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Nabil Rahman

I’ve been working on a documentary recently with Tiffany Rhodes who’s finding herself and trying to create work that’s inspires her more on a personal level. It has been a wonderful journey learning about the world of fashion through her. I definitely recognize it as an art form now. From the texture of the materials, to the fitting and to the philosophies behind why people dress how they do.

These are some iPhone photos I’ve taken during the many hours I spend stalking her (and secretly stealing knowledge and inspiration)

 

I met Marc Charleston when shooting the short film “The Renewal” with my good friend Sarah Kazadi.  J Alex Cowell, the actor in the film, had brought Marc along to the shoot. We were all kindred spirits and got along real well. We shared similar ideas about art – and staying true to it. Not selling out. Not giving up on our vision.

Marc left his family in Florida and booked a one way ticket to New York to make it here as a graphic artist. He stayed in a friend’s couch for a month and then ended up in a basement in Brooklyn. The struggle I saw him going through really inspired me. And so one weekend when he was house sitting for a family friend in Connecticut, I decided to go spend some time with him and document this important phase of his life. “I Am” was the result. There was no planning involved. No script. No concrete idea. I literally drove to connecticut in the middle of the night and then we decided to shoot and make a whole short film within 2 days.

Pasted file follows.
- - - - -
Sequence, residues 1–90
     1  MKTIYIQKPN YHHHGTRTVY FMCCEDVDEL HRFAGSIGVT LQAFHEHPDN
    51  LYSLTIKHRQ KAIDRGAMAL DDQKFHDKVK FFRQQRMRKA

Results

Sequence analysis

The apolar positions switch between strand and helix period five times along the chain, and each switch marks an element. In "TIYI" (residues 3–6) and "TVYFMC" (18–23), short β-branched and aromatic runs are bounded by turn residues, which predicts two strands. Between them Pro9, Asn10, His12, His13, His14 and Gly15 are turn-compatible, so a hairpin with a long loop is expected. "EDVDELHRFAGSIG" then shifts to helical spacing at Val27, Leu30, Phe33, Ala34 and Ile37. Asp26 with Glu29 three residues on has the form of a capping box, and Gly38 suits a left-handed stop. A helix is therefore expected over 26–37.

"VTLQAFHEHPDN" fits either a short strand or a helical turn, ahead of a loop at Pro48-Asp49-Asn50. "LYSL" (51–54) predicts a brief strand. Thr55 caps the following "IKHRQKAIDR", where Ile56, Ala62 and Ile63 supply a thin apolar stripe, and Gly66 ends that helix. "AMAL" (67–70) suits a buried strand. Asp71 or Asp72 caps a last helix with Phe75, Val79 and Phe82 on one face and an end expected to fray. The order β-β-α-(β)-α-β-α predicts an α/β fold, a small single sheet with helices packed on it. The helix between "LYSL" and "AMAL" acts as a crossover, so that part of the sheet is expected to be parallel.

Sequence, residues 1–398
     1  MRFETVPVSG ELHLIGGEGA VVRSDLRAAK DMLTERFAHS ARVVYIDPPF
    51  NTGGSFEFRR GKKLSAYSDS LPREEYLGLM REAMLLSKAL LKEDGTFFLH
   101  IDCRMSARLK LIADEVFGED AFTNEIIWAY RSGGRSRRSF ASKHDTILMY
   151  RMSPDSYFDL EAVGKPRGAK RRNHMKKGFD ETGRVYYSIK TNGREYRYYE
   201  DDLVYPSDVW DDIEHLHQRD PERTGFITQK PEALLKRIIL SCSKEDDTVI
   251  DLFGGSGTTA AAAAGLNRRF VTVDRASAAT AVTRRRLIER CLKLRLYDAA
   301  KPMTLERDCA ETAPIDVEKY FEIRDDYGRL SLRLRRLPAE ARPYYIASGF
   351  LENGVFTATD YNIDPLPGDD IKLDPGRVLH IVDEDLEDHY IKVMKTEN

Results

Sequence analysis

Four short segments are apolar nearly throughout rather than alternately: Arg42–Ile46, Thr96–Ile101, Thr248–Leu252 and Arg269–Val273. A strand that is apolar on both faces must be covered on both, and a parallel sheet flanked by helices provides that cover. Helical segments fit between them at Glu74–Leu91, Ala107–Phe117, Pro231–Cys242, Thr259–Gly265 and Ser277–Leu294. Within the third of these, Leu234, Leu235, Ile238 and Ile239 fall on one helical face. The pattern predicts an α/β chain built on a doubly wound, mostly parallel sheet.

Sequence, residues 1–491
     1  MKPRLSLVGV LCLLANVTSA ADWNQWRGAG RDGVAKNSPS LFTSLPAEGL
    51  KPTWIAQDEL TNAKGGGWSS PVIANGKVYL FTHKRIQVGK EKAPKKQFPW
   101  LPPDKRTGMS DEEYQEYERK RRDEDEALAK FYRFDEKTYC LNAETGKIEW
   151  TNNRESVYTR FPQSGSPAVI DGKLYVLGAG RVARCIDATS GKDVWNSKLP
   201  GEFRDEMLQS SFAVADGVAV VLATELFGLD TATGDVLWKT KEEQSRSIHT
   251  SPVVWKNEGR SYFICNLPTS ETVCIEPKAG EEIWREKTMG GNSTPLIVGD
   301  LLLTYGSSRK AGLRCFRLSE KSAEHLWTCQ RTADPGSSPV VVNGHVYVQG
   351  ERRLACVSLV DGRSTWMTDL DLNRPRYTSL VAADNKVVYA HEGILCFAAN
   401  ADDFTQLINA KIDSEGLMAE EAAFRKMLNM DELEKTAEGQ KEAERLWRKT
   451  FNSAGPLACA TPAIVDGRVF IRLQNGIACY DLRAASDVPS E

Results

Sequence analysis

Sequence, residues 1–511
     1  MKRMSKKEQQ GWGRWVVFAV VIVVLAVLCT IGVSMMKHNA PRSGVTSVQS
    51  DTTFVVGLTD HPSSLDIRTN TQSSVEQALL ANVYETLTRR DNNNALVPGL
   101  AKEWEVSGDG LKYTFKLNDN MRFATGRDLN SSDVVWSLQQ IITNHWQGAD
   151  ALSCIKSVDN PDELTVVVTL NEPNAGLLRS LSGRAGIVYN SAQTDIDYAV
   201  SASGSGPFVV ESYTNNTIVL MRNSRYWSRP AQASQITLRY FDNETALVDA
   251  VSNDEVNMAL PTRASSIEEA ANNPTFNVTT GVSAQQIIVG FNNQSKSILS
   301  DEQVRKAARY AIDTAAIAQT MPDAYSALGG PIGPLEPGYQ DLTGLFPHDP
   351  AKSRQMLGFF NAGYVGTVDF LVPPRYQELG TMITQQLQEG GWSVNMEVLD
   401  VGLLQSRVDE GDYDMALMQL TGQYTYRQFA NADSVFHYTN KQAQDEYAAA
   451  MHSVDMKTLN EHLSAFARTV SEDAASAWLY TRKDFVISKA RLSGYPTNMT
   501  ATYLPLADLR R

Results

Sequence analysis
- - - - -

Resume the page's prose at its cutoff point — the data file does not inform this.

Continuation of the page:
It was a such an organic process. And although some people complain about the lengthy monologue at the end – I feel like it stays true to what we were trying to accomplish.

 

Marc created the poster.

 

Here is the short film I shot with Sarah:

 

I’m so thankful to all the inspiring people I’ve been meeting along the way in my creative journey. I’m learning that nothing is impossible and that it’s all about having the ability to dream. If you can think it, you can make it happen. I think my goal in life is to nurture this ability to dream and inspire others to think as big as possible.

 

Nabil Rahman on the set of “The Renewal” with Sarah Kazadi.
Photo by J Alex Cowell

 

I had just finished graduate school and despite the weight of $35,000 of student loans on my shoulders, I used my credit card to buy a ticket to London. I wanted to get away for a while before entering the working world. My classmates were all panicking, scrambling for jobs. I wanted to keep calm, dream big, and not get boxed in by taking the first job offer that came my way.

It was a huge gamble. I was either going to starve, or make my own way to some place amazing. What happened next was incredible…

I landed in London on Christmas day. A few weeks later, I was jumping turnstiles in Paris. By late January I was in Bangladesh on a ferry in the middle of a river with some of the best photographers in the world for Chobi Mela. It was there that I had my first freelance gig writing about child labor in Dhaka tanneries for a Danish children’s magazine.

The risk paid off. I avoided the first harsh winter of postgraduate life. I was back in New York – and filled with all the hope in the world.